From the Past Future

The cool wind brushed up against the neck of Mario. It was the electric present tense. He was breathing future air. The thought made the hair on the back of his neck feel unbearably sensitive.

“Let me get two ice creams, please?” his best friend, Leo said to the ice cream vendor. Leo stood tall, with a form fitting tee and slacks and his hair was always primed to perfection. Always the showoff. Mario always knew that Leo would’ve grown up to be the charmer of the two. And Mario, would always be that awkward, mature pre-teen. Somehow, Mario stood in the world, still, as an awkward, mature pre-teen.

“Uh-huh… and what about your little friend here,” Sal, the ice cream vendor, said leaning over his cart. “What’s he getting?”

Leo laughed and stepped in front of me to block his line of sight to me. “Ha ha,” Leo said dryly. “Real funny. He’s my distant cousin, aright? Don’t bust chops?”

“Chocolate chip, I”m assuming,” Sal asked right before Leo nodded. “Leo, you know it’s always good to see you. How come you don’t come around the docks no more, huh?” Sal hadn’t changed at all. Mario had expected him to be at a different place in life, but maybe this was his calling. Or maybe he had a dark secret that kept him as an ice cream vendor. Mario found comfort that his mind was still working the same as it was.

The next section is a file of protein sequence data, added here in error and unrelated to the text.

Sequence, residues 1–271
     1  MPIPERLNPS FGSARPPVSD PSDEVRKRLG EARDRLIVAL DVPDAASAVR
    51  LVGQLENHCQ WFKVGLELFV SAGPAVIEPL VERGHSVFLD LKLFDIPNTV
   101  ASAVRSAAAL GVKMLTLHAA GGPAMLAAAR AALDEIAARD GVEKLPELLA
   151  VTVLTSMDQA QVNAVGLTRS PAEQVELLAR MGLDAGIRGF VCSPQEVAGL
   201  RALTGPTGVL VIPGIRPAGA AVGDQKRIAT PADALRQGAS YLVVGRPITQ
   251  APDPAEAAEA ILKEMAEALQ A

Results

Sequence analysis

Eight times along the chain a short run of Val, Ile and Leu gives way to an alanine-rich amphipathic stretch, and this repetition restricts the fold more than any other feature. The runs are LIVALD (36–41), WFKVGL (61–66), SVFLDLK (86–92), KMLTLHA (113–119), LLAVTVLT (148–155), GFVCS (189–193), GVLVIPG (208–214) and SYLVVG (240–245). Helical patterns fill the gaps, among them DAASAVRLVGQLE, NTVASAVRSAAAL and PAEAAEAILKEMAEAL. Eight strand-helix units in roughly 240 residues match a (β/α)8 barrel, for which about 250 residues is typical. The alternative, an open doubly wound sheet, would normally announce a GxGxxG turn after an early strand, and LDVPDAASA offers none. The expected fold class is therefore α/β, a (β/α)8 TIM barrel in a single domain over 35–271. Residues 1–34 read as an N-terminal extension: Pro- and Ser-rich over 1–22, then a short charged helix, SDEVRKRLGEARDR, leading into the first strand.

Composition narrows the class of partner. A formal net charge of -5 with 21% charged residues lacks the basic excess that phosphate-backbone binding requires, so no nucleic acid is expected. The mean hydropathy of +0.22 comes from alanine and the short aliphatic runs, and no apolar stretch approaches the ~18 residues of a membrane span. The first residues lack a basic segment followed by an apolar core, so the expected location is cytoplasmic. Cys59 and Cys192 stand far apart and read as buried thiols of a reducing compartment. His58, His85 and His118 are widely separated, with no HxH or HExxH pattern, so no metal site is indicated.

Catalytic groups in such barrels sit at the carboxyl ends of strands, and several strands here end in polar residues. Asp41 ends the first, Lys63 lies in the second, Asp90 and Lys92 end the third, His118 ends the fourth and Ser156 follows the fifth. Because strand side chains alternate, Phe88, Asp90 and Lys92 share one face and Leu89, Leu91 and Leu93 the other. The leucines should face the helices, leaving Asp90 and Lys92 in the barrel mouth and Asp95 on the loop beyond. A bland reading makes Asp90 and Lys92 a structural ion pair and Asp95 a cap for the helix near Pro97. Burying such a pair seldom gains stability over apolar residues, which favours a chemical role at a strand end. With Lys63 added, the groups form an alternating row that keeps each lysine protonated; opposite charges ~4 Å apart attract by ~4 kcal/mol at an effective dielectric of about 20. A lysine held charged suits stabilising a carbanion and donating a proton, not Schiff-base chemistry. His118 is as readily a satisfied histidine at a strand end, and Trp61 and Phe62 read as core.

“I’m not a kid anymore,” Leo said, reaching over to put his hand on Sal’s arm. “I’m working… just like you,” he finished with a point to his elbow. 

“Yeah,” Sal continued. “You working and you never passed the baton.” Sal reached down into his metal cart and procured two chocolate chip ice creams on a cone.

“Don’t worry, Sal. A kid king will come one day and take the sword out of the stone,” Leo said, extending his arms wide, presenting the harbor as his dominion. Sal bowed jokingly and handed him the ice cream. Leo exchanged a crisp twenty dollar bill between his fingers. “Then he’ll inherit my kingdom.” 

“Getting too literary on me today, Leo. But, very gracious of you,” Sal nodded, pocketing his tip. 

“That’s what happens when you stay in school, Sal,” Leo said with a wink, handing the ice cream to Mario.

“Hey, you better watch your mouth,” Sal replied with a point and a smile.

“Sal… Stay humble,” Leo said as he and Mario walked down the empty boardwalk.

“Thanks,” Mario said, comforted from the familiar taste of chocolate chip ice cream.

“Any of this ringing a bell,” Leo asked.

Mario closed his eyes and swallowed. “Again, I did not lose my memory, Leo. I’m the same. Everyone and everything is older.

“Yeah, I know you said.” Leo answered quietly as he perched himself up against the bench. “I’m just not really sure how this how any of this works.”

“That makes two of us.”

“So,” Leo started slowly. “What was the last thing you remember?”

Mario took a deep sigh and plunged into his memory banks. Everything was in tact. Everything that a pre teen would ever have to worry about. Sports stats, video games… girls and junior prom. “Good question,” Mario said after a moment. “I remember riding my bike that Saturday night. The night of the epic sleepover bash you and your mom threw.